Hundreds of people were injured on 20 June 2019 when protesters clashed with riot police in the Georgian capital Tbilisi. Protests persisted for several weeks, met with intermittent police crackdowns. Though the situation has largely calmed down, moderate protests and business disruptions remain likely through 2019. Impact for non-Russian businesses and visitors is likely to be minimal however.
Russia argues that Western meddling in its self-declared “sphere of influence” left it with no choice but to shore up its defenses leading to the present rivalry between the two powers. To what extent have American policies triggered the rise of a paranoid security class in Russia traditionally hostile to the United States, and can both sides overcome their seemingly incompatible worldviews?
The last two weeks have seen the widespread coverage of clashes between U.S.-backed Kurdish forces and Russian private military contractors. As many as 300 Russian nationals fighting with the Wagner PMC (private military company) were reportedly killed in Syria, including by possible US airstrikes. If true, this would constitute the most serious Western-Russian military clash since Turkey shot down a Russian jet in November 2015.
Russia has been rapidly expanding its military and political footprint across South Asia over the past several months. Simultaneously pursuing military exercises with Pakistan and signing bilateral cyber pacts with India, Moscow has found itself as the middle man between two nuclear-armed rivals. But why is this happening now? This series will examine Russia's relations with both India and Pakistan to try to identify what long-term trends are at work in the region.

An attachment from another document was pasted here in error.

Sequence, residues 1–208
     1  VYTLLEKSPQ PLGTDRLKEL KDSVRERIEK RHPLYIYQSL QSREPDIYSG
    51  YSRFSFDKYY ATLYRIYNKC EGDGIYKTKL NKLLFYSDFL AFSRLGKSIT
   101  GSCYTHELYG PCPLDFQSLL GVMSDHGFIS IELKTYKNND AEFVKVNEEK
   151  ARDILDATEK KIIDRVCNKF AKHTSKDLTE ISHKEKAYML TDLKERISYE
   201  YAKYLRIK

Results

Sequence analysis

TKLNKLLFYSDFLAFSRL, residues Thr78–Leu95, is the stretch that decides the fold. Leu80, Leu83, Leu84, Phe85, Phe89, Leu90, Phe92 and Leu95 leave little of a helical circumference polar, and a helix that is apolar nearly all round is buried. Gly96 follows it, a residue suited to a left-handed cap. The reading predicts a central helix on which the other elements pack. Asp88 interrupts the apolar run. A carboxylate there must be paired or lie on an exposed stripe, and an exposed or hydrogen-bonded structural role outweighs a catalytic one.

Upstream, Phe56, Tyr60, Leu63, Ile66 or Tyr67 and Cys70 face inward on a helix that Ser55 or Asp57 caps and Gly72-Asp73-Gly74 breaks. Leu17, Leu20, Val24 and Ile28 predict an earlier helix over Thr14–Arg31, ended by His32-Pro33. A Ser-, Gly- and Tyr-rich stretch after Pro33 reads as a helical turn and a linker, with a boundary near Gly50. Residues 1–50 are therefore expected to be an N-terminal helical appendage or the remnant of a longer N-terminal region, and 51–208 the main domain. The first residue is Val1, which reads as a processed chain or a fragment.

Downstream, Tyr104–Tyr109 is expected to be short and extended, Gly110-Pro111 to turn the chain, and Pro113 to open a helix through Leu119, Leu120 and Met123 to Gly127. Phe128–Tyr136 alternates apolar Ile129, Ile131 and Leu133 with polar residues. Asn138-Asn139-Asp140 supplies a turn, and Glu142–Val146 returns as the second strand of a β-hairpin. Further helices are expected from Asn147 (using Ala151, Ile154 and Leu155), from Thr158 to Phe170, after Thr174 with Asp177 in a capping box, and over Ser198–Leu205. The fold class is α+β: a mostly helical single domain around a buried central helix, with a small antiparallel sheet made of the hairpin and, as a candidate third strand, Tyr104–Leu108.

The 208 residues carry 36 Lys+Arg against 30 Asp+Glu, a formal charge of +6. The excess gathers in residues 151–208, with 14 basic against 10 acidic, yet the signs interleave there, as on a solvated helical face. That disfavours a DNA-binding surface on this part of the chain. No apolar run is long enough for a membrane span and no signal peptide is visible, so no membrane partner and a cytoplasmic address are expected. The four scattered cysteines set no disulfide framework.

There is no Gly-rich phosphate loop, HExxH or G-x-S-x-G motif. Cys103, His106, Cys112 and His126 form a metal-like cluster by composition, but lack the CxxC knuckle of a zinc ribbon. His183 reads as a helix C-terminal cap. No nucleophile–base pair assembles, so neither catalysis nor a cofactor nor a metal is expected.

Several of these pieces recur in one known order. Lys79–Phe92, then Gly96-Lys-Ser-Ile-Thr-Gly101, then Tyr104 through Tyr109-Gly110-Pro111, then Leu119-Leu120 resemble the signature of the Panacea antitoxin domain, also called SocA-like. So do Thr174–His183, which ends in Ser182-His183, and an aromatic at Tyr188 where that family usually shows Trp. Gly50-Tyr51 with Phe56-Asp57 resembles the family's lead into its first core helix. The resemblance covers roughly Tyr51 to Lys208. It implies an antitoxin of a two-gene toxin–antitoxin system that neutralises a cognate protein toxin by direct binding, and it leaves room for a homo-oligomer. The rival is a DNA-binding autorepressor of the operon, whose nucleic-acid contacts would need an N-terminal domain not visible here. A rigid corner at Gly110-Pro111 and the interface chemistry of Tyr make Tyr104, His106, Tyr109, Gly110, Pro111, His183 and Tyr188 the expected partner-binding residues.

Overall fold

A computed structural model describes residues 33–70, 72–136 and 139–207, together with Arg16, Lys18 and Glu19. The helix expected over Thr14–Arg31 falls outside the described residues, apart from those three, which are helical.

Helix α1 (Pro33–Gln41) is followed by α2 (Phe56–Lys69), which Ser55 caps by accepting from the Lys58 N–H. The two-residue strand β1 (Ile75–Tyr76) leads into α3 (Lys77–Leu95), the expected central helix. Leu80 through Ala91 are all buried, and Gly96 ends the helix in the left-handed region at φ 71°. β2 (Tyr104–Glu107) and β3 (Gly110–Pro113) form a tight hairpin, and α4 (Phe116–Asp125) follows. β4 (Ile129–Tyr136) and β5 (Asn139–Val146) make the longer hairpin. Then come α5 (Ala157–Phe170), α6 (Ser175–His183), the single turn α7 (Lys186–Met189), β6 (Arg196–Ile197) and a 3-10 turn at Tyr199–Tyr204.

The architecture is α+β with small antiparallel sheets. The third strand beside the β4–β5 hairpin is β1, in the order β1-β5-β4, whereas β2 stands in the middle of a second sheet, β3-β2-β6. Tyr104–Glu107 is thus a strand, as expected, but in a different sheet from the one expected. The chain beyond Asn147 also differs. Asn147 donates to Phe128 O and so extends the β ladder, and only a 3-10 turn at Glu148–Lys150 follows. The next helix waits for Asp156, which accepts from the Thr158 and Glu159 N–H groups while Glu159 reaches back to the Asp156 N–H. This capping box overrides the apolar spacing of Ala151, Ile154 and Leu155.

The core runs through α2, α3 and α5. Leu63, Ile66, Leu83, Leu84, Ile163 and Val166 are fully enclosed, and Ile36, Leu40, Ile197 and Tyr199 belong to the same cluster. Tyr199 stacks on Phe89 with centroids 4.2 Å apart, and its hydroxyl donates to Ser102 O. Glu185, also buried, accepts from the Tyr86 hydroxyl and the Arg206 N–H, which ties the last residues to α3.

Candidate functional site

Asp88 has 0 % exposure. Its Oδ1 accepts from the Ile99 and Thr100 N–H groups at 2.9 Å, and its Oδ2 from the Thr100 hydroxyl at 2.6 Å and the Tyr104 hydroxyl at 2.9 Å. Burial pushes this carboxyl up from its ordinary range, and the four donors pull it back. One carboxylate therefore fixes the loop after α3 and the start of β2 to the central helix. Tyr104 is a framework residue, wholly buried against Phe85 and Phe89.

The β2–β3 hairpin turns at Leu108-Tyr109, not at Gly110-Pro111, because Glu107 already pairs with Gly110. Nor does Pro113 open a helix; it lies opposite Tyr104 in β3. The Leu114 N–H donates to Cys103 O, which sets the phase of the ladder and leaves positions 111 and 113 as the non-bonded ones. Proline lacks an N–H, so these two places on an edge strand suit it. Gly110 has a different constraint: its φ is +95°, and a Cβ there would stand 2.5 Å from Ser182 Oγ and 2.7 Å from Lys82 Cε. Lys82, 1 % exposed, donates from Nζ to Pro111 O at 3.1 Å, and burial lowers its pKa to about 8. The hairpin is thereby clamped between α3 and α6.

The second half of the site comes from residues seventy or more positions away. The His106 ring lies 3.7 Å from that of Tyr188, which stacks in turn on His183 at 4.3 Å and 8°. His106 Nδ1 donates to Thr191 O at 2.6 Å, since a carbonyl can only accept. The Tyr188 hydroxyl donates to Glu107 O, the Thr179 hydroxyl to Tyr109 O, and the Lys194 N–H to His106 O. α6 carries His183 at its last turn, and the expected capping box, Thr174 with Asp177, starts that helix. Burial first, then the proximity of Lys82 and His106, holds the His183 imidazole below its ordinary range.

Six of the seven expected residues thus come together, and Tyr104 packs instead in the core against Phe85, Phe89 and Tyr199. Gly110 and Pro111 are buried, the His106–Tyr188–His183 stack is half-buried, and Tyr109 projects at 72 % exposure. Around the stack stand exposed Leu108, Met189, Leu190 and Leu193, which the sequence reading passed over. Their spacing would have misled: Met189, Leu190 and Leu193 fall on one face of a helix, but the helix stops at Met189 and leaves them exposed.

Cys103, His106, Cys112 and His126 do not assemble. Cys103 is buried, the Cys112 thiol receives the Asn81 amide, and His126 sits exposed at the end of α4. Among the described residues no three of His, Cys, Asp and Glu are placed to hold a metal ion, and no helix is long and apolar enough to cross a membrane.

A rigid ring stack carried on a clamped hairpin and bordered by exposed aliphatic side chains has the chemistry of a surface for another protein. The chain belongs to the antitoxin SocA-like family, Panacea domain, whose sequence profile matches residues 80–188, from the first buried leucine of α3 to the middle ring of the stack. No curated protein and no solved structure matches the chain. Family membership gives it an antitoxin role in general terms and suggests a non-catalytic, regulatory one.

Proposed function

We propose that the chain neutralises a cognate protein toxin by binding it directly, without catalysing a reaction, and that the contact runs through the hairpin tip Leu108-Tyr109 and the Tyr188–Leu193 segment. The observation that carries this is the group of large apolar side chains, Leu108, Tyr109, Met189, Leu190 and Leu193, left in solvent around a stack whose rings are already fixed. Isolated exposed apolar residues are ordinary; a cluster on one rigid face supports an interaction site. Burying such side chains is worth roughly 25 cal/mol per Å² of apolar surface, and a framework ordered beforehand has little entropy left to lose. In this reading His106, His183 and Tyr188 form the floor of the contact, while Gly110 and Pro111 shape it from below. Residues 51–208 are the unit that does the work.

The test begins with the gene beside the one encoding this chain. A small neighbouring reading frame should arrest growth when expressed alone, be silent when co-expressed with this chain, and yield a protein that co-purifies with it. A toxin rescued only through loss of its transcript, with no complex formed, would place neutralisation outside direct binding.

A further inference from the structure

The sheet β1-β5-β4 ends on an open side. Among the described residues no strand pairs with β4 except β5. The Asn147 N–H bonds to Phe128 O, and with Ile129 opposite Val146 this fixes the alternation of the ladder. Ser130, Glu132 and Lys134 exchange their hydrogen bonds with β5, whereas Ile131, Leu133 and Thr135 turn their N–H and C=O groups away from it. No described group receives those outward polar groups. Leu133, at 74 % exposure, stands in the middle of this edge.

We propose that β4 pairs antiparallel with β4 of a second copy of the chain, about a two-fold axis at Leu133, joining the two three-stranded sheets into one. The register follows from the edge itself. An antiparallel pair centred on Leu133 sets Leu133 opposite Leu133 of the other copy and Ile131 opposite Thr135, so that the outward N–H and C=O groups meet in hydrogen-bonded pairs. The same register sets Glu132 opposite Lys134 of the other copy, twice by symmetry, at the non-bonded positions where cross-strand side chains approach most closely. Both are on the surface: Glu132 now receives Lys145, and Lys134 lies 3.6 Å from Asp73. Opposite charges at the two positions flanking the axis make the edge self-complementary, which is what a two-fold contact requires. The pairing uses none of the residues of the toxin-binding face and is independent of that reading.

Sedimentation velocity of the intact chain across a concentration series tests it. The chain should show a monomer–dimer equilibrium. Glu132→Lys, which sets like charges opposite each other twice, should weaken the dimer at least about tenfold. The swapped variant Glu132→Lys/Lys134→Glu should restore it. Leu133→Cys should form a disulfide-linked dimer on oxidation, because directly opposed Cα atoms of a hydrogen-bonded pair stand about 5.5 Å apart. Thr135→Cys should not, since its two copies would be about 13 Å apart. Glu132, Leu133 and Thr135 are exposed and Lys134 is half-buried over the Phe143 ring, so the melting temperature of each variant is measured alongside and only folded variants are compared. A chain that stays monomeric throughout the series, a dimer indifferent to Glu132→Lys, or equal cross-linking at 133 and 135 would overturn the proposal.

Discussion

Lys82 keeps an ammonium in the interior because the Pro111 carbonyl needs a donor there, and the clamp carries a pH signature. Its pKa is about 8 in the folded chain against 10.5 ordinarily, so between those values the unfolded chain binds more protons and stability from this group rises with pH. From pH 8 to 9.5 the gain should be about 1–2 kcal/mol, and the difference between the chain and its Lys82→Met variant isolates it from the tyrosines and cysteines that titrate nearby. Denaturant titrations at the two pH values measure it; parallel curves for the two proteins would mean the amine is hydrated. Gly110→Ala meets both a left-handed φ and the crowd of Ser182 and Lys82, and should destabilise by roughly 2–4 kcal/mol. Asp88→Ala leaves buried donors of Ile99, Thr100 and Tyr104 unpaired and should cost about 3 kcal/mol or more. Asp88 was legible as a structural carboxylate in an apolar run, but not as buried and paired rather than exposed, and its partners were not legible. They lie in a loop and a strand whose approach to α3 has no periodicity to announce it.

An attempted coup in Montenegro in October 2016 as the country prepared to join NATO prompted accusations of Russian involvement. But how credible are the allegations? In the final part of this series on Russian involvement in the Balkans, Lekisika's Sean Crowley investigates this incident as well as broader Russian efforts to maintain influence in the region.
As the tensions between the Russian Federation and the United States in Ukraine and Syria receive the most media attention, the two states are waging a shadow war of political and economic influence and cloak and dagger activities in the Balkans. Part One of this two-part Leksika investigation examines the historical motives for why Russia wishes to limit Western influence in the region.
Despite the United States' longstanding relationship with the Philippines, President Rodrigo Duterte appears perfectly willing to seek closer ties with states such as the Russian Federation in light of what the Filipino president views as uncalled for American criticism of his hardline counter-narcotics policies.
Since the start of hostilities in 2011, Pakistan has shown consistent support for the Syrian government of Bashar al-Assad. Despite protests coming from Pakistan’s security partners - Saudi Arabia, Qatar, and the United States, as well as from domestic Islamist actors, Islamabad has remained persistent in its approach. What can explain this policy? This paper will examine the historical legacies of the Pakistan-Syria partnership, the presence of global Jihadist actors in both countries, as well as key geopolitical considerations in an attempt to identify the logic in Islamabad.
The dispute between Russia and Japan over the southern Kuril Islands represents one of the longest territorial disputes in East Asia. In recent years, Japan and Russia have been attempting to resolve the dispute through bilateral cooperation and economic trade. What are the prospects for success however? What might the implications be for the wider region?